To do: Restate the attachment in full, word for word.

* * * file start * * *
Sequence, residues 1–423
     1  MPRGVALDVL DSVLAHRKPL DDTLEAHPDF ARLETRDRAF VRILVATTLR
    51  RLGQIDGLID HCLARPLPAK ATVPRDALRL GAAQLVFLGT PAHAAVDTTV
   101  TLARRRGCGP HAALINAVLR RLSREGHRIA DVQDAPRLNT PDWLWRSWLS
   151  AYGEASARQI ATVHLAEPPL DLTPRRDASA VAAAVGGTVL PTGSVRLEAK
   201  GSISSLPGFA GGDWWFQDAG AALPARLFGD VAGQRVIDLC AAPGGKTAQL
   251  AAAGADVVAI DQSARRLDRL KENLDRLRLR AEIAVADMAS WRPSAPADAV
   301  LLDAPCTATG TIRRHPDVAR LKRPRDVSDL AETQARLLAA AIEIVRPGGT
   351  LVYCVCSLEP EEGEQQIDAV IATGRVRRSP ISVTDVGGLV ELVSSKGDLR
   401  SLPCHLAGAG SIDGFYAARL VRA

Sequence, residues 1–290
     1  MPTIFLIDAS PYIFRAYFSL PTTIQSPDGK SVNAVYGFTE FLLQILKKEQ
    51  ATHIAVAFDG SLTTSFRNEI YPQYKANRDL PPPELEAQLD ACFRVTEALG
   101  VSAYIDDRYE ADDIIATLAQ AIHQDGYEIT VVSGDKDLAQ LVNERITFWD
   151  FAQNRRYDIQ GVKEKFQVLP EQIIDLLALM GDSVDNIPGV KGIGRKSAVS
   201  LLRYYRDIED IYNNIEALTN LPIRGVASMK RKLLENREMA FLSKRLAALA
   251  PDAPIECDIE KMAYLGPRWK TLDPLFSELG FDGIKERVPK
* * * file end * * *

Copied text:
Sequence, residues 1–423
     1  MPRGVALDVL DSVLAHRKPL DDTLEAHPDF ARLETRDRAF VRILVATTLR
    51  RLGQIDGLID HCLARPLPAK ATVPRDALRL GAAQLVFLGT PAHAAVDTTV
   101  TLARRRGCGP HAALINAVLR RLSREGHRIA DVQDAPRLNT PDWLWRSWLS
   151  AYGEASARQI ATVHLAEPPL DLTPRRDASA VAAAVGGTVL PTGSVRLEAK
   201  GSISSLPGFA GGDWWFQDAG AALPARLFGD VAGQRVIDLC AAPGGKTAQL
   251  AAAGADVVAI DQSARRLDRL KENLDRLRLR AEIAVADMAS WRPSAPADAV
   301  LLDAPCTATG TIRRHPDVAR LKRPRDVSDL AETQARLLAA AIEIVRPGGT
   351  LVYCVCSLEP EEGEQQIDAV IATGRVRRSP ISVTDVGGLV ELVSSKGDLR
   401  SLPCHLAGAG SIDGFYAARL VRA

Sequence, residues 1–290
     1  MPTIFLIDAS PYIFRAYFSL PTTIQSPDGK SVNAVYGFTE FLLQILKKEQ
    51  ATHIAVAFDG SLTTSFRNEI YPQYKANRDL PPPELEAQLD ACFRVTEALG
   101  VSAYIDDRYE ADDIIATLAQ AIHQDGYEIT VVSGDKDLAQ LVNERITFWD
   151  FAQNRRYDIQ GVKEKFQVLP EQIIDLLALM GDSVDNIPGV KGIGRKSAVS
   201  LLRYYRDIED IYNNIEALTN LPIRGVASMK RKLLENREMA FLSKRLAALA
   251  PDAPIECDIE KMAYLGPRWK TLDPLFSELG FDGIKERVPK